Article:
The philosophers in the audience appreciated West’s decree that universities ought to dedicate themselves to “soulcraft” and the inculcation of the cardinal and theological virtues. He and Douthat both share an evident concern for the moral and spiritual shallowness that can easily be the fruit of a technocratic consumer culture. West suggested at one point that it was really unsurprising to him that conservative Christians, raised in such an environment, would be ready to abandon so many of their ostensible principles in rallying behind Trump. (“Harsh but fair” said his interlocutor, with a wry smile.) How much fruit can we expect to bring forth from the stony soil of materialistic modernity?

This Is How to Address Sticky Public Questions

Consumerism may not be the only problem, of course. Douthat, for his part, pressed West to consider whether his brand of left-leaning Christianity might also bear considerable blame, both for nurturing the technocratic mindset in embryo, and for blithely unleashing destructive sexual appetites that have exacerbated the cultural damage. What, in short, does West think about sex?

West’s reply (referencing Martin Buber and authentic sexual intimacy) would surely be unsatisfying to many conservative Christians. (It didn’t satisfy this one.) Nevertheless, the contrast with the sneering, secularist left was palpable. Broadly speaking, West seems to understand the concern. He did not insist that traditional moralists are all narrow-minded homophobes. Watching this exchange, it was easy to wish that the left had a few more (or more influential) Cornel Wests.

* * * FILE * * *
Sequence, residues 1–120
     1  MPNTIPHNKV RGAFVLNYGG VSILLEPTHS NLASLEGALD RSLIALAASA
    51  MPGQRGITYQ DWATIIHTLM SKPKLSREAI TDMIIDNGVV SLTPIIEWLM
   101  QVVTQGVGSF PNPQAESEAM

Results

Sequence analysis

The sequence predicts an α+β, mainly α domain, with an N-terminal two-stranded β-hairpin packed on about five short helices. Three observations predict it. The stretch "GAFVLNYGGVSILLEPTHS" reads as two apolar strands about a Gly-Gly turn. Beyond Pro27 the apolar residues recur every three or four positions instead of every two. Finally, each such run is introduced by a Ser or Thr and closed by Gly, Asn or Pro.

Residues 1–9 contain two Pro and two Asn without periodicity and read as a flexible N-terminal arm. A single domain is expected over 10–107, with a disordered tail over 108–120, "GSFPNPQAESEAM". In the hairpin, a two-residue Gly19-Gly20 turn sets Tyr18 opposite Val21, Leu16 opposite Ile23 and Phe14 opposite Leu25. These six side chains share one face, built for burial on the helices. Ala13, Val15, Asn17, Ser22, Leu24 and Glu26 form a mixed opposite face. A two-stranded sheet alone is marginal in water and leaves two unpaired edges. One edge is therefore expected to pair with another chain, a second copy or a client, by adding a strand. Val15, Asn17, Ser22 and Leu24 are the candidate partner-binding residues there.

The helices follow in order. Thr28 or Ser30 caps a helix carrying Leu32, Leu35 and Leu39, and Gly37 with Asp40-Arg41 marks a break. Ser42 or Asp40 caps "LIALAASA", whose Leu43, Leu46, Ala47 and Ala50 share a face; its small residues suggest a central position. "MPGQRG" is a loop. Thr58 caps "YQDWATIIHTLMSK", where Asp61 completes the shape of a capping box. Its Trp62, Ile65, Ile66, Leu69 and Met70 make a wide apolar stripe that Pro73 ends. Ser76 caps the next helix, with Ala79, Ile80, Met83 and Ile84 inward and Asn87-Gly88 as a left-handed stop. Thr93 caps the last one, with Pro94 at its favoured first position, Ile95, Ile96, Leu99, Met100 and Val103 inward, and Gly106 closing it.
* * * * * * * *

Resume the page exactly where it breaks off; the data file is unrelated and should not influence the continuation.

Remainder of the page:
As Christian intellectuals, West and Douthat could probe these sticky questions with some degree of mutual understanding. From the standpoint of shared faith, it becomes possible to ask: which aspects of this tradition need to be reinforced or re-emphasized, and which can safely be let go? Disagreement did not immediately need to be attributed to narrow-minded prejudice or shameless self-seeking.

Douthat And West On Supremacy and Resentment

Some of the richest exchanges of the evening concerned America’s racial politics. Moderator Elizabeth Schiltz opened the topic by asking West about his involvement with social justice campaigns, especially Black Lives Matter. The most interesting exchanges, however, may have occurred at the end of the night, when audience members asked several polemical questions about racial justice, white supremacy, and whether blacks should be ashamed even to call themselves “Americans.”